Mohamed ElBaradei has just declared that he will not run for the presidency. From Reuters:
CAIRO Jan 14 (Reuters) - Mohamed ElBaradei pulled out of the race for the Egyptian presidency on Saturday, saying "the previous regime" was still running the country which has been without a head of state since Hosni Mubarak was deposed last year.
"My conscience does not permit me to run for the presidency or any other official position unless it is within a democratic framework," the former head of the U.N. nuclear watchdog said in a statement.
There have been several reasons cited, besides the whole "democratic framework" business. Aside from the manner in which SCAF has run things, ElBaradei is also said to oppose SCAF's desire to rapidly draft a new constitution before the presidential elections are held — a step criticized for being against the agreed transition order. The question now is whether the opinions of anyone but SCAF and the Muslim Brothers matter.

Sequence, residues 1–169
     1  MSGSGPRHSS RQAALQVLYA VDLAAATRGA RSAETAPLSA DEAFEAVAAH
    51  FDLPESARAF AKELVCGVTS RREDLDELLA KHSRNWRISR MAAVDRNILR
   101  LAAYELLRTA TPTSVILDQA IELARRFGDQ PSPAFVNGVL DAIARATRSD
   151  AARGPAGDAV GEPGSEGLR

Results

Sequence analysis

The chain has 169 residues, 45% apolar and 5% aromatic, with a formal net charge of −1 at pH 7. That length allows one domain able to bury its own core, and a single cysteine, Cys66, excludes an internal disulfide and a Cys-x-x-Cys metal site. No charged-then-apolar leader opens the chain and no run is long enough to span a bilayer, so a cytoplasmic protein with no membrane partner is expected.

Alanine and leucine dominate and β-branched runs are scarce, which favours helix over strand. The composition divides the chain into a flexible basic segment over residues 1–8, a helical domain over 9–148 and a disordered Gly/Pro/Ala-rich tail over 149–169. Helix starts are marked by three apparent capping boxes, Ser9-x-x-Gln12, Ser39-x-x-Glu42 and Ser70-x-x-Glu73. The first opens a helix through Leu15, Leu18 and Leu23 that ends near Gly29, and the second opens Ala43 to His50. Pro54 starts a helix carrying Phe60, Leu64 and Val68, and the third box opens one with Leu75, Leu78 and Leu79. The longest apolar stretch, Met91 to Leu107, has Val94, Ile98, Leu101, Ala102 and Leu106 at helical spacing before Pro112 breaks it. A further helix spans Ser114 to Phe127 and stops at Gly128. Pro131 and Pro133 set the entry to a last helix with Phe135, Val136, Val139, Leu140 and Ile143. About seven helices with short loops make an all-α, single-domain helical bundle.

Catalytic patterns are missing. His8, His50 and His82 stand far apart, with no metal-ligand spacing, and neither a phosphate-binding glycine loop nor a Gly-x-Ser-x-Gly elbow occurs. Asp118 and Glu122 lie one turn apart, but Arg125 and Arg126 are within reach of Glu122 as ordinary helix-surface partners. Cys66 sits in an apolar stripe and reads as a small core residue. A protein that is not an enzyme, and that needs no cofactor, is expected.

ElBaradei has been a lackluster political presence for the last six months, with many of his erstwhile supporters believing his political career was over, largely because of his own lack of energy. Most believed he stood little chance in an election.
Nonetheless, ElBaradei's announcement may have an impact on mainstream views of the Egyptian revolution thus far. His charge that the Mubarak regime is still in place should fan the flames of those who want a second revolution on January 25, and counters the Muslim Brothers' narrative that one must go on with the transition through parliament until a handover of power to a new president. It also encourages the narrative of a dastardly MB-military alliance against a genuine democratic transformation of the country (further evidence of that would be MB assurances of immunity to the SCAF generals — not necessarily a bad compromise, but in this context quite damaging to the MB).
The big question may be what's next: if he's not running for the presidency, is ElBaradei willing to take the lead in the movement against the current transition, including further protests against the SCAF? That's not clear just yet, and somehow I doubt that a man who has shown aversion to street protests will take that route.
Update 2: Here's ElBaradei's video statement.